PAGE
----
Nearly all respondents to this week’s RBJ Daily Report Snap Poll say information technology and the Internet have changed the way they do business, with 84 percent saying it was for the better. However, they have a more divided view of globalization, another trend that has affected the U.S. economy.
Computers/automation and global competition were prominent in the New York Times Economix blog’s recent list of reasons why median household income has registered its worst 12-year stretch since the Great Depression. This week’s poll looked at these two forces from a business perspective.
Automation driven by computer technology has spurred productivity, boosting output while reducing employment in manufacturing and other industries. With the Internet, information technology has created new business opportunities while removing barriers to competition.
Similarly, globalization has had multiple effects, opening up markets and reducing the prices of many goods while heightening competition.
Nearly two-thirds of readers say increasing globalization has changed the way they do business; 29 percent of those say very much. This compares with 23 percent who say it has not changed their businesses very much and 12 percent who say not at all.
Overall, 40 percent say increasing globalization has helped their business, compared with 17 percent who say it has hurt them.
Nearly 300 readers participated in this week’s poll, which was conducted Sept. 4.
How much have information technology and the Internet changed the way you do business?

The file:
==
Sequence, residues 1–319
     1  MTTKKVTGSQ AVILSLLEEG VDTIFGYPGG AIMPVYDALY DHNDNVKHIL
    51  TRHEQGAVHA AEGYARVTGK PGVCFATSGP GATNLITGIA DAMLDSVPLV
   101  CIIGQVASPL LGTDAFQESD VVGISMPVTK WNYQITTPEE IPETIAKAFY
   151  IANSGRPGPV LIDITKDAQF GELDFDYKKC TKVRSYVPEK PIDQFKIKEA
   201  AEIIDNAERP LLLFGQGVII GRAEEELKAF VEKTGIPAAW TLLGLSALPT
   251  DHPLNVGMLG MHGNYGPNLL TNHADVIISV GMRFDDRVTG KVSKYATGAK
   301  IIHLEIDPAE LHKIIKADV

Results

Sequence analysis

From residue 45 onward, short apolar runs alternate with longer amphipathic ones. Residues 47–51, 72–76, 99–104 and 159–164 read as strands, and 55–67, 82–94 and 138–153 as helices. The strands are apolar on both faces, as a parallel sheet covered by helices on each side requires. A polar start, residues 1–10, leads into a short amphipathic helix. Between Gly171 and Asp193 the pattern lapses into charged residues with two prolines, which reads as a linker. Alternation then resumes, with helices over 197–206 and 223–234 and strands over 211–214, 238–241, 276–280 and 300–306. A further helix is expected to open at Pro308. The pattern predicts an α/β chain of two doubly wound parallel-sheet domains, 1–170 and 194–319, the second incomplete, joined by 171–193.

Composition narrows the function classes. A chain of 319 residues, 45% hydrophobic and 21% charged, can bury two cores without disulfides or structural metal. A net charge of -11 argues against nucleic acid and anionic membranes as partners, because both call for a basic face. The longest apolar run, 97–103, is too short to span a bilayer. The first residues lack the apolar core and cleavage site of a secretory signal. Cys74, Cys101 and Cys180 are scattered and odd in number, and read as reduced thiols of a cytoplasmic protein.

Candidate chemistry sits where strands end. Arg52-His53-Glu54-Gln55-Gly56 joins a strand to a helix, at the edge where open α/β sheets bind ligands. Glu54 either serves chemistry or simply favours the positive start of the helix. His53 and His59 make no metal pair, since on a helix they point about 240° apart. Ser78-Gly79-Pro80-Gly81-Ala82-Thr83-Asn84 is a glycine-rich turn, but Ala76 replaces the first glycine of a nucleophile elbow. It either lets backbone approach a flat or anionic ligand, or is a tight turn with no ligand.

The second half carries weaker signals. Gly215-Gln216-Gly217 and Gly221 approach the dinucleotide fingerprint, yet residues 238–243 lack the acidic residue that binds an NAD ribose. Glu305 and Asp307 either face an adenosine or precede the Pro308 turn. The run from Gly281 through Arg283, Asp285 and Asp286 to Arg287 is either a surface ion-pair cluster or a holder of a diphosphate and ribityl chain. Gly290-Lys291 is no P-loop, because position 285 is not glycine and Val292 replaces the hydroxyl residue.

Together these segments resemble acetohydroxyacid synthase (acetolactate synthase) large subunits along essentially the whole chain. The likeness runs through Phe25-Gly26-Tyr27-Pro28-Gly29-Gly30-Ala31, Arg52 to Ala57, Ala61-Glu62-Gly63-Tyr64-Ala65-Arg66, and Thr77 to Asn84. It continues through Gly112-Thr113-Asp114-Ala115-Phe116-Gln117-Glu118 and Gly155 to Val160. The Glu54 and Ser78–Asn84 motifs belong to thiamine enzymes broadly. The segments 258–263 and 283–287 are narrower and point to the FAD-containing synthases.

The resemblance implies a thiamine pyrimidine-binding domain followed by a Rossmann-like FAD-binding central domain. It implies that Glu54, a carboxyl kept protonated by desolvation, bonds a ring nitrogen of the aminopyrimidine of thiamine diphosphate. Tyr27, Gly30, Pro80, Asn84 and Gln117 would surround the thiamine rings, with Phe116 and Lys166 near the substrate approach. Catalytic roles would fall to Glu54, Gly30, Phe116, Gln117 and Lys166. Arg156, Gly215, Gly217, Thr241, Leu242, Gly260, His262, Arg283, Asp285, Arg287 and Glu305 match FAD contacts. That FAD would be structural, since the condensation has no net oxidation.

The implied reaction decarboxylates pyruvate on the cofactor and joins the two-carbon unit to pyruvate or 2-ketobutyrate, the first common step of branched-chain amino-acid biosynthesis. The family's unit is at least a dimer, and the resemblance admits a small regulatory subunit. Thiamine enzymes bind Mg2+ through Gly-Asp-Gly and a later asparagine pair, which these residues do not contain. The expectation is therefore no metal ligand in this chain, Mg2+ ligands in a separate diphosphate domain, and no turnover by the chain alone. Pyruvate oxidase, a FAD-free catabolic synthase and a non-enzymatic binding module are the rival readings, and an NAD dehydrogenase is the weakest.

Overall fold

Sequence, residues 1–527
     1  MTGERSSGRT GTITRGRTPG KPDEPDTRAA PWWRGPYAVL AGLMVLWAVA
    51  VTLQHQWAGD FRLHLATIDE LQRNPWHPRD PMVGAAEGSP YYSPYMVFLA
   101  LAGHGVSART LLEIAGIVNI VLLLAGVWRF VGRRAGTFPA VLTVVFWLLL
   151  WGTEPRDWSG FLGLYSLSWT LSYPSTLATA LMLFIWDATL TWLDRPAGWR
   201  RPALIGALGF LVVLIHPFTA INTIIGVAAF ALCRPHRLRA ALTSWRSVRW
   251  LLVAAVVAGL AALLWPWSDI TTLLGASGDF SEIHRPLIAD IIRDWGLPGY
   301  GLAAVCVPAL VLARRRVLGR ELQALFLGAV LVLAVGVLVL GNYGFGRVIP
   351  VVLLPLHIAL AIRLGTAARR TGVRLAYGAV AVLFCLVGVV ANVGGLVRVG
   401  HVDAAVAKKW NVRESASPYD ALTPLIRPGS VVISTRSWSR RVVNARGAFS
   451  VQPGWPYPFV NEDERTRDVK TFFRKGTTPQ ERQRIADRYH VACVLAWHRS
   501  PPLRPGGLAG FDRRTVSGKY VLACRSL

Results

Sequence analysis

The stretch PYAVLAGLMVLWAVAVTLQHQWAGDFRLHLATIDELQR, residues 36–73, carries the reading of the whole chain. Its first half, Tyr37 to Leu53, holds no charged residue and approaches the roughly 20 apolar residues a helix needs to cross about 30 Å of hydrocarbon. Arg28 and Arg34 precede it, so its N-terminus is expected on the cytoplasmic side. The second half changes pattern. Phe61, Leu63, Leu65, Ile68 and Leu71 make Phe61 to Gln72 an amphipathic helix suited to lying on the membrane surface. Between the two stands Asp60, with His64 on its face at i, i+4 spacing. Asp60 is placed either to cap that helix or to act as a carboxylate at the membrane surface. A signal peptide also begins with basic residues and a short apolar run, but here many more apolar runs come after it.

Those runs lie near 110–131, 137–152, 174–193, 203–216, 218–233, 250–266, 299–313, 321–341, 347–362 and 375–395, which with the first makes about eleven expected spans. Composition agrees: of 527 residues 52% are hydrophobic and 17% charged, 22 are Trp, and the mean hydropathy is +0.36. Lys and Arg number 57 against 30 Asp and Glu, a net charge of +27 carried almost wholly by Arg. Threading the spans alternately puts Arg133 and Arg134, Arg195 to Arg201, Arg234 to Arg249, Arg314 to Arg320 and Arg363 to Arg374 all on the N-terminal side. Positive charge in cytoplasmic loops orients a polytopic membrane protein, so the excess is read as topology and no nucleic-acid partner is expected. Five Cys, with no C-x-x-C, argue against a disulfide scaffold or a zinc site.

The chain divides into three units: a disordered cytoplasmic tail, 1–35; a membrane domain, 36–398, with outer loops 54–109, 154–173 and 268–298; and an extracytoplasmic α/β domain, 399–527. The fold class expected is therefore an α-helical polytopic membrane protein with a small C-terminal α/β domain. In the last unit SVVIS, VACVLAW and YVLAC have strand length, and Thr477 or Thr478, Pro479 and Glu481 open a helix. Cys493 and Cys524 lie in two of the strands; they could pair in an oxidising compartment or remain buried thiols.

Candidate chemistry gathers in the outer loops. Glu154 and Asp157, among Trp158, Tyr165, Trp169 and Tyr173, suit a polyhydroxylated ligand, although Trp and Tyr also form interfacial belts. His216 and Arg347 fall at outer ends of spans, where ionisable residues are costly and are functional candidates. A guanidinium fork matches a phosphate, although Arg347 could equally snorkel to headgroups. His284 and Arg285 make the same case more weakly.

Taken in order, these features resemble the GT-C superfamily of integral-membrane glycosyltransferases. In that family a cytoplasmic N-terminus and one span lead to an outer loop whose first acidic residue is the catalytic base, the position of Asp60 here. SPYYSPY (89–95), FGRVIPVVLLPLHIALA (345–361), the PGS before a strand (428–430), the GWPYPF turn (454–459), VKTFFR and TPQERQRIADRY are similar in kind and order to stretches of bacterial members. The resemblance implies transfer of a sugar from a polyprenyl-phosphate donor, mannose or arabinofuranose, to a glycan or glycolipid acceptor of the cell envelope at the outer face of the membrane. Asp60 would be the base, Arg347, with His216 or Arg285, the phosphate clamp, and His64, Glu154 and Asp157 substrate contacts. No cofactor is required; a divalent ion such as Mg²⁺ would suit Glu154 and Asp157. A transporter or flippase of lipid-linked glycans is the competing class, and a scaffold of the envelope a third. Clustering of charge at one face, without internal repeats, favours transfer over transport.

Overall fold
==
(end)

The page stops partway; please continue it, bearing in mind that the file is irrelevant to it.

Very much: 72%
Not very much: 3%
Not at all: 1%
Overall, have information technology and the Internet helped or hurt your business?
Neutral or no impact: 7%
How much has increasing globalization changed the way you do business?
Very much: 29%
Not very much: 23%
Not at all: 12%
Overall, has increasing globalization helped or hurt your business?
Neutral or no impact: 43%
The Internet is here to stay, even though someone recently told me that they believe it’s not a viable resource. Seven billion people worldwide are online. Facebook alone has topped 900 million users! If you’re not online, you’re invisible. It’s really as simple as that.
-Rich Calabrese Jr.
The Internet has become our best salesperson and rep. As a small custom manufacturer, it allows us to explain to potential customers exactly what we can do to help solve their needs. Globalization has helped and hurt. In the late ’90s, the hurt was big as many customers took their work offshore. Today, reshoring seems in vogue as we get calls each week making sure we do all our work in the USA!
-Peter Short, J.J. Short Associates Inc.
Our small business because of the Internet has found global suppliers and clients without seeking them out. It is a connected global economy in which we live today. We must acknowledge it, embrace it and incorporate it into our strategic plans if we are to succeed long-term.
-Mike Moser, president, MyFleetDept.com
As an association of funders who are located throughout Upstate New York, the availability of Internet for distance learning and communication has radically changed the opportunities grant-makers have to share their work.
-Liz Wilder, executive director, Grantmakers Forum of New York
For more comments, go to rbjdaily.com. To participate in the weekly RBJ Snap Poll, sign up for the Daily Report at staging.rbj.net/dailyreport.